An MD for a $100 million tech fund at the now defunct Bear Stearns described his investing style to me this way: that he was at a party and he was just walking around trying out the different hors d'oeuvres. $500k here, $5 mil there...same as throwing darts.
 

Hef

Pigeon
Hotwheels said:
Hef said:
WestCoast said:
^ i already personally answered this question. On the "whatsapp" thread on EE.

27B messages in a day securely converted. Wwt posted a hint as well but I gave up on the thread a while ago and will no longer give more information on the deal/technology and or valuation.

I will, answer the last part though. No there is no cussing that is big media bullshit. It is more like poker and passive aggressiveness. It is "intense" but not yelling, cussing, blackmailing etc. that is for children and the 99%.

---

Anyway, I hope gringuito can provide more color on how he evaluates people, hence my little set trap sales force question but that's again explaining the "knack" which is god awfully difficult to do.

--

Edit: I find it appropriate that I just hit 3,000 posts and personally owned myself by giving long winded responses to a guy who has 6 posts....I am ashamed of myself right now lol.fucking mobile! Roosh please find a way to put post history on mobile I will pay you for it!

Good night guys!

That thread is so long. I'm loathe to read it. But thanks for pointing it out.

The above and the 35 questions post is telling.

You don't want to work for it, but rather have it spoon fed to you like the vast majority out there.

And, like the vast majority, it's unlikely you will take action even if given every last bit of information on a platter.

If you can't even take the time to read a thread why would anyone want to take the time to help you?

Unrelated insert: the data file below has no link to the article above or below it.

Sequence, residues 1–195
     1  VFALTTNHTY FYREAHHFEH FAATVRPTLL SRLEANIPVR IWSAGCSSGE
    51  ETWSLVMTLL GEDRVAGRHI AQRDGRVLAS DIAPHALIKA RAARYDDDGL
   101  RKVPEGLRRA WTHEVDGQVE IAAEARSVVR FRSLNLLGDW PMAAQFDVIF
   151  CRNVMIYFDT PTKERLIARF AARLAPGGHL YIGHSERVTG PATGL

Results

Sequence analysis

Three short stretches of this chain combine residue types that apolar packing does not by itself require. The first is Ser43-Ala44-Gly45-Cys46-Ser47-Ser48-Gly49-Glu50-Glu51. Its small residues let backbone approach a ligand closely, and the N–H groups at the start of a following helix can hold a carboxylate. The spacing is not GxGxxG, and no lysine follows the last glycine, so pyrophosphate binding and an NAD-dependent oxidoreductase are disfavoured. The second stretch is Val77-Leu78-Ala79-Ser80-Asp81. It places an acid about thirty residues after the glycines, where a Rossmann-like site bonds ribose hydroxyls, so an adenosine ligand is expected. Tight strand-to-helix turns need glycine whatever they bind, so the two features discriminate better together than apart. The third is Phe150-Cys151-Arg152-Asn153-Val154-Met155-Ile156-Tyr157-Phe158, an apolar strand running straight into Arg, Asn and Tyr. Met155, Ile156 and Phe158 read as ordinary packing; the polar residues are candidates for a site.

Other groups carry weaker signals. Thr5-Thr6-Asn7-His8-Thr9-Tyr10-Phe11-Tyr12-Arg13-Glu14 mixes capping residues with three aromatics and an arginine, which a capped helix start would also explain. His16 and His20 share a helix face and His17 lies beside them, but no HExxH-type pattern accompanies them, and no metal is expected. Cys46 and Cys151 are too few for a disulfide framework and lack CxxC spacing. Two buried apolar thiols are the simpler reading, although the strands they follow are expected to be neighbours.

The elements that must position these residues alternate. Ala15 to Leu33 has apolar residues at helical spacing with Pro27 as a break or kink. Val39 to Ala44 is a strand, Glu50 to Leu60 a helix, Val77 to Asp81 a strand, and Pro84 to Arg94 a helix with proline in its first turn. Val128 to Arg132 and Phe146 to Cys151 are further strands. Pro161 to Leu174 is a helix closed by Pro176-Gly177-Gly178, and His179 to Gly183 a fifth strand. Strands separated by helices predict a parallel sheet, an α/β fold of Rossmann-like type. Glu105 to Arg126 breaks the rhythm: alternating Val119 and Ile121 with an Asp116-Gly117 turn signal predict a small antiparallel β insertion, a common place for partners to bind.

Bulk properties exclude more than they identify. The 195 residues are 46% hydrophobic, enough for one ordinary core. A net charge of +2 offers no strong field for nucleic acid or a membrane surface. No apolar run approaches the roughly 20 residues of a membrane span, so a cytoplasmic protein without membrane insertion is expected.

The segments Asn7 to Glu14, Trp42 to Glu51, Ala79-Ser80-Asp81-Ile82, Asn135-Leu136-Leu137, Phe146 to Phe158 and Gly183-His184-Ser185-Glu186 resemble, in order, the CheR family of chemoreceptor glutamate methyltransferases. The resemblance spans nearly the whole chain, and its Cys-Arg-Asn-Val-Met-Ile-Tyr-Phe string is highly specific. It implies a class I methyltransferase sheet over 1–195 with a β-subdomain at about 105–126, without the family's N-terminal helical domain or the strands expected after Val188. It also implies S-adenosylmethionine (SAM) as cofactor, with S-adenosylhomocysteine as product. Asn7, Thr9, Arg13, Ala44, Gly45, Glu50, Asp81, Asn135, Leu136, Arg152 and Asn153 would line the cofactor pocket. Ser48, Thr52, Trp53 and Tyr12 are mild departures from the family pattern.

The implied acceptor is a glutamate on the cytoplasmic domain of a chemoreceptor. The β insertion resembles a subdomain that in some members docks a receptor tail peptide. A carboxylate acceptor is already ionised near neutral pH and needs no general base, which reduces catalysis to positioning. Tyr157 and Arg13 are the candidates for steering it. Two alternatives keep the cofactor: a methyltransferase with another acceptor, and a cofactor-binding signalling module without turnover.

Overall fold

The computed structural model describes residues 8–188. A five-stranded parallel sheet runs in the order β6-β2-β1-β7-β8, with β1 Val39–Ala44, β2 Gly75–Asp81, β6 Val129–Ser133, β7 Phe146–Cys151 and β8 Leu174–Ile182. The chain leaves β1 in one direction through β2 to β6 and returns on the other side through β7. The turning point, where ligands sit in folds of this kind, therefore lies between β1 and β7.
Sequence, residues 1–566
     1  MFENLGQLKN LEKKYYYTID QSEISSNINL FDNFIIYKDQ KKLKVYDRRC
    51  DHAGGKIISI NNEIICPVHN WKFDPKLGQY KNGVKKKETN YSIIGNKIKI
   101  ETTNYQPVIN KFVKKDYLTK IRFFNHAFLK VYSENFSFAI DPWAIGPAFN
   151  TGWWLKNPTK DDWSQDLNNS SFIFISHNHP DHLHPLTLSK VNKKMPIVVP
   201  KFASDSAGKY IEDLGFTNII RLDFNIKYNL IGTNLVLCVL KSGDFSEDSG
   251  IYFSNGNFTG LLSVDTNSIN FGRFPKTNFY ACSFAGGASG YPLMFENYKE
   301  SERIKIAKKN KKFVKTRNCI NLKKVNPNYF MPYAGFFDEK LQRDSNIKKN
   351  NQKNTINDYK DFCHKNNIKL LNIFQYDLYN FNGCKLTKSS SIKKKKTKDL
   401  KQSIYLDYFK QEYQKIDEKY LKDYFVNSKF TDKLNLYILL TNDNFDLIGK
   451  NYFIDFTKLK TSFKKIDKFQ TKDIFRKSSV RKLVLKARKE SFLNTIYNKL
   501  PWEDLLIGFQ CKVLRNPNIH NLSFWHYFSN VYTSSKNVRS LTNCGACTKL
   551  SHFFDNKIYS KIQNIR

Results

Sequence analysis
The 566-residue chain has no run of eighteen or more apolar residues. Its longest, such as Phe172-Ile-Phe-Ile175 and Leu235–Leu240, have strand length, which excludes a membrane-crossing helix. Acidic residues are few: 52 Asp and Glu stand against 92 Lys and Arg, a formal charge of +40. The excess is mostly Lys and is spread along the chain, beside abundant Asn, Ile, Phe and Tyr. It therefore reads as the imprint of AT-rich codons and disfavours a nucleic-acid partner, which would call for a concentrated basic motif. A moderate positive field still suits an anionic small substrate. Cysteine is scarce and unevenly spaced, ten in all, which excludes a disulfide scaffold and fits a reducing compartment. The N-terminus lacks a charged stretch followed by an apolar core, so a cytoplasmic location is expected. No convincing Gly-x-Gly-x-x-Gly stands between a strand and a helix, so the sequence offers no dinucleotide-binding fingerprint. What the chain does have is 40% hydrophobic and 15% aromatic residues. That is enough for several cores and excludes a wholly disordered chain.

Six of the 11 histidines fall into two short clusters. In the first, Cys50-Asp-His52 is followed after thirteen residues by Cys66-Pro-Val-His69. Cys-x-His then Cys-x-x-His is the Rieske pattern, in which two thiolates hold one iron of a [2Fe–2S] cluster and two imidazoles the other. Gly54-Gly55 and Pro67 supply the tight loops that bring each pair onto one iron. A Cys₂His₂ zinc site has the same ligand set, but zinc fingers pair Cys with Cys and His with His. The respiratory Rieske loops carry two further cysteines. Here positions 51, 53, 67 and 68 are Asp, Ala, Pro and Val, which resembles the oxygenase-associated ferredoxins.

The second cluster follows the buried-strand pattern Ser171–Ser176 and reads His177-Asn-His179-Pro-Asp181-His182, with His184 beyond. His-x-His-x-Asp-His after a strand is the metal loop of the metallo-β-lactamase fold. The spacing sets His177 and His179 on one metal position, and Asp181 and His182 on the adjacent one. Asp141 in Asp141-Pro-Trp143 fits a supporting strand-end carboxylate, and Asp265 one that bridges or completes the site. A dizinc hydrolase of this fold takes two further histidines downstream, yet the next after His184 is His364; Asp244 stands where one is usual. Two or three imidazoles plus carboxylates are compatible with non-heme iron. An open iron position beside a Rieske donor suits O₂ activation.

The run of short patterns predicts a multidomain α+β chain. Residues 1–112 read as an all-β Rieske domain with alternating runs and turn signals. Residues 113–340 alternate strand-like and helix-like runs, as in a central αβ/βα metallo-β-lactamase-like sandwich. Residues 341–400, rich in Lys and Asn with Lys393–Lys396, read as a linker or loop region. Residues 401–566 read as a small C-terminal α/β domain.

I just flipped thru Everything Else and found that thread on the 3rd page. It has 5 pages. It's like making someone search for a needle in a haystack.

I do think I could have responded better by simply asking for the link to the specific post.

It is however an interesting thread and I'll probably read it in its entirety at some point.
 
Gringuito said:
I'm an angel investor so I can't speak about how VCs do it. I really like what WestCoast said about value is important not valuation. When I'm valuing a company I look at it as an investment. What that means is that I'm considering how much money will I tie up for how long with what kind of return and at what risk. For example, say I have to invest $5M into a company and the possible exit is 4 years away. I look at the comparable companies in the market and any recent M&A activity. I look at the total market size and how much of it they want to grab.

- Wow, for a "start up", I think of $5mm as a successful Series A round. (like, maybe $5mm to $15mm). I typically think of angel investing as passing the hat for $100k to $250k size checks, with most of the due diligence based on trust. This is especially so because there usually isn't anything that you can base a valuation on (unless you want to get into a protracted game of "he said / she said").

- No way in hell I'd invest $5mm as a minority investor. 51%+ or discussions would stop. (At this point, I'd rather round up more capital than put $5mm into a minority position).

Of course, I understand that $5mm is just an example. But, in reality to stroke a personal check of that size without taking a majority position...serious balls.

Again, I will never understand tech. Crazy business. The gold rush mentality of making absolutely zero for three years with a 5% chance of going gang busters just blows me away.
 

Gringuito

Woodpecker
Gold Member
anonymous123 said:
- Wow, for a "start up", I think of $5mm as a successful Series A round. (like, maybe $5mm to $15mm). I typically think of angel investing as passing the hat for $100k to $250k size checks, with most of the due diligence based on trust. This is especially so because there usually isn't anything that you can base a valuation on (unless you want to get into a protracted game of "he said / she said").

The $5M was just an example but it brings up couple a good points. First, investors are looking long-term. I'm not thinking about the first round of money they are asking for. I'm thinking about all the money they need until the exit. Don't expect to get all this money given to you at once. And there may be milestones that you're required to meet. When I was thinking about the $5M it was all the rounds put together from all the investors until exit.